awoken at midnight by the most amazing fireworks display we've seen in a long time. All from the cockpit of our boat.
What a treat.
Planned on spending the weekend in Cabo and heading out for Puerto Vallarta on Monday (3rd) after we'd checked in
and out. We have found that we like doing the paperwork ourselves because it enables us to meet other cruisers. We
were ready to leave Cabo as all the mega sport fishing boats were coming in on us and the cost of the nightly slip was
the most expensive we've encountered...or probably ever will...thank heavens for a little boat! The big bucks americans
are in full swing here and a little offensive after a couple of days. We headed out at 2pm for our 68 hour crossing to
P.V. The waves were particularly confused and big as we left the harbor. We thought that it was due to the business of
the harbor and it would settle down.
As we headed out, the seas were building and the periods in between the waves were almost non-existent. We were
filled with anxiety as we were unfamiliar with the local conditions, though we'd read three guide books no where did it
indicate these kinds of conditions. Our poor little boat was working hard. We just didn't know if this was going to
continue or further on it would calm down. When the boat was coming up the wave as it was breaking and plunging
down into the trough with another one breaking in the distance, Joe made the decision to turn around and head back to
Cabo. We cruised by the anchorage in the dark trying to decide if we should anchor for the night. The anchorage is
outside the harbor and is notorious for miserable swell that makes it's pretty rolly constantly. We opted to pull up to the
marina's fuel dock and see if we could return to our slip we had the next morning. Went into the office straight away
and turns out the conditions were worsening and many boats had turned back and were wanting slips. The marina is
close to impossible to secure reservations for transient boaters. We were lucky to get our previous slip again and
regardless of the cost are comfy in our massive 51' slip encircled by mega sport-fishing boats and then there's our little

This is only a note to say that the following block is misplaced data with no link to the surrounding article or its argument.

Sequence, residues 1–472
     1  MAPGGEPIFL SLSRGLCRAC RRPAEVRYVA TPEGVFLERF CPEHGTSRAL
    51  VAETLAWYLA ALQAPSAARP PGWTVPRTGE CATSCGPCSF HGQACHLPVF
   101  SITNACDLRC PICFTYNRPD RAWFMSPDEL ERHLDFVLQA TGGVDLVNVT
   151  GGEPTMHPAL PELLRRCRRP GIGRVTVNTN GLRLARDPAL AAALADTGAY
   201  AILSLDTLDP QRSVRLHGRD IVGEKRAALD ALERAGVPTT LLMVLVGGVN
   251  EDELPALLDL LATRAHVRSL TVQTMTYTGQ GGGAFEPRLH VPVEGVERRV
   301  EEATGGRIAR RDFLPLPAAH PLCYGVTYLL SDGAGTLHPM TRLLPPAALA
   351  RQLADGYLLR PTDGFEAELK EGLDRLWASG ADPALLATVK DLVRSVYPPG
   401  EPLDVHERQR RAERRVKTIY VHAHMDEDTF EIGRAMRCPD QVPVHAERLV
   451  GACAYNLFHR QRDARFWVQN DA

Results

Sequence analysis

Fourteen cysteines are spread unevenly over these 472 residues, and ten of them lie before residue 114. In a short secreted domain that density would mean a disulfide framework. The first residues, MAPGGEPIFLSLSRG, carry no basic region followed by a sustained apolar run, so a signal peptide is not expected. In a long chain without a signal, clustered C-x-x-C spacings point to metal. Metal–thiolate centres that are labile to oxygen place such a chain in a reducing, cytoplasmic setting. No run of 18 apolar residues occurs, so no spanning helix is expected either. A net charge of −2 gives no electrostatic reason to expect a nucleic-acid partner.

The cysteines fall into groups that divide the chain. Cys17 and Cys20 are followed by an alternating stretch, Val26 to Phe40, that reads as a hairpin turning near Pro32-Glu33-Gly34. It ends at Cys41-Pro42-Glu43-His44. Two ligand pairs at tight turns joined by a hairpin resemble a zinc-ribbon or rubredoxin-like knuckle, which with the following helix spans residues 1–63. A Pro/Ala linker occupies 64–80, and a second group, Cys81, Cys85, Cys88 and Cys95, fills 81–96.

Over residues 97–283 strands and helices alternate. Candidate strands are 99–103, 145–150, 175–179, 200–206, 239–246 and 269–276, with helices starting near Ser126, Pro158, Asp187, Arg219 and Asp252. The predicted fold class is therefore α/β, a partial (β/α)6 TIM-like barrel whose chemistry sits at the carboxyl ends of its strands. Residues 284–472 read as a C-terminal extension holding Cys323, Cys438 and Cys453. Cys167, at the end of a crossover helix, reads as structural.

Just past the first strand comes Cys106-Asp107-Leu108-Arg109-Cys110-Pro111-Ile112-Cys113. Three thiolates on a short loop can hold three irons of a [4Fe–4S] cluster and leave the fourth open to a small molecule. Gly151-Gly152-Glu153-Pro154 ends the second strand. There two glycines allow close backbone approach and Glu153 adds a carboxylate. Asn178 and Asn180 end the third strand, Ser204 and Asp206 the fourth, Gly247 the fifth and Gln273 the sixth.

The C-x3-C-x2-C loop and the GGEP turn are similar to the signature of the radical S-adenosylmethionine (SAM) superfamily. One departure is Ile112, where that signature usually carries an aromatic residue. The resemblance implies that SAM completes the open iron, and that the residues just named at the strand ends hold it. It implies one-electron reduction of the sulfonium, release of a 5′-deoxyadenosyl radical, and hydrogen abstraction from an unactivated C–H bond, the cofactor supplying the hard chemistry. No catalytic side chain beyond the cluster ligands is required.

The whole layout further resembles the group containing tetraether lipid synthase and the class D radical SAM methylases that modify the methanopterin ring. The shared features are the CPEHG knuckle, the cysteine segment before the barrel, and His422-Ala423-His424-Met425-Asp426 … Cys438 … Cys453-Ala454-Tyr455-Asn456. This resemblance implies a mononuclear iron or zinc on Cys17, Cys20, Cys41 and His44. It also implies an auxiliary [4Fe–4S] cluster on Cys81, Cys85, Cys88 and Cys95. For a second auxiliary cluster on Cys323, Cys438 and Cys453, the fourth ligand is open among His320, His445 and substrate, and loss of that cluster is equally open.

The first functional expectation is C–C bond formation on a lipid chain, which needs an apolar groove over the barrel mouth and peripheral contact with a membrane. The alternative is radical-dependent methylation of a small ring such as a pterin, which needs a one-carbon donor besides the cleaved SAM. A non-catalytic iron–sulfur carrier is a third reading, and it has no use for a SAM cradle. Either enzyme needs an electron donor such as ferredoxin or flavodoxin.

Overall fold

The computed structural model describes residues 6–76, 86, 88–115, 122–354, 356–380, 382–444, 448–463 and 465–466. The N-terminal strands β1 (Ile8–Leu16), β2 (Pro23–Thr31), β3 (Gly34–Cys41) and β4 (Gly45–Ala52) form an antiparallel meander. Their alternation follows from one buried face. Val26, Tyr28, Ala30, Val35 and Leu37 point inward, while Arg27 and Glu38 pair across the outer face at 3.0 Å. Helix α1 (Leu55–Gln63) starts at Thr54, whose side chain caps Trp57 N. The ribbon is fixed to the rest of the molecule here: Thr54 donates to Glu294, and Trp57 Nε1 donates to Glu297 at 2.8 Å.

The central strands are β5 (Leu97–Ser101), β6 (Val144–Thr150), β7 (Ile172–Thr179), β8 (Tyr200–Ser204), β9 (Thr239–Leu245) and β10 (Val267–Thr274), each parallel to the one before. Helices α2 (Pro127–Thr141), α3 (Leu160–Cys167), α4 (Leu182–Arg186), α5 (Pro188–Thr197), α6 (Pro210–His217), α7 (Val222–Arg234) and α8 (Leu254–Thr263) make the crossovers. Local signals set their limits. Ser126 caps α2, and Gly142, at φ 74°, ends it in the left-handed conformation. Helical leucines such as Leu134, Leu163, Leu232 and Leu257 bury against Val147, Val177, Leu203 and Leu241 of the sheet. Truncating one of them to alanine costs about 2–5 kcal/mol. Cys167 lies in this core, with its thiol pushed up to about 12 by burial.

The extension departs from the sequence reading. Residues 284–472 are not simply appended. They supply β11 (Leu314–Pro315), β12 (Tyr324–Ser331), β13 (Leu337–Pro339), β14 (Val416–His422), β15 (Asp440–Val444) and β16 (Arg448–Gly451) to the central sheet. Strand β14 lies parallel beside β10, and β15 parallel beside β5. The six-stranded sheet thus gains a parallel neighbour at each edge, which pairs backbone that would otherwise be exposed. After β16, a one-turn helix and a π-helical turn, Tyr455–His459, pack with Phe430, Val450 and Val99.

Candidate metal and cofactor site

teeny weeney wooden mast. Sailboats are definitely the minority.
After settling back in, we have sorted out the fact that the Santa Anas definitely have a big effect on our weather for
our crossing and the sea of Cortez. Turns out it's been blowing 25-30kts in the Sea of Cortez all week and it's just
cranking it's way down the sea to us here and effecting our crossing weather. These conditions are forecast through the
weekend. We'll not press the elements and wait it out. Heard there was a group of about 10 boats that had to wait it out
for 2 1/2 weeks for the weather before crossing, so what have we got to complain about.
Besides, this is cruising, we shouldn't have such a tight schedule. Might even get some varnishing in here instead of P.V.
Can easily see how the "manana" attitude can set in.
Days seem to pass so fast and it appears as if we've accomplished nothing compared to what we do when we're home
in Ventura. Have met nothing but nice people in our adventure so far. Our dinghy is quite the crowd draw, and we're
definitely the little ones in the block as far as boat size. That's fine, we're cozy and I feel very safe on Net Result.
So that's it for us to date. We're here in Cabo waiting for a weather window to make the crossing to Puerto Vallarta and
are both doing fine. Joe's learning how to kick back and relax and not always have something to work on; but I think
that's taking a little more time to acclimate to than myself. It's a little more expensive here than in other places that we
could be, but that's just the way it is and we're not going to push it to get to P.V. before the conditions are better.
All our best to you all.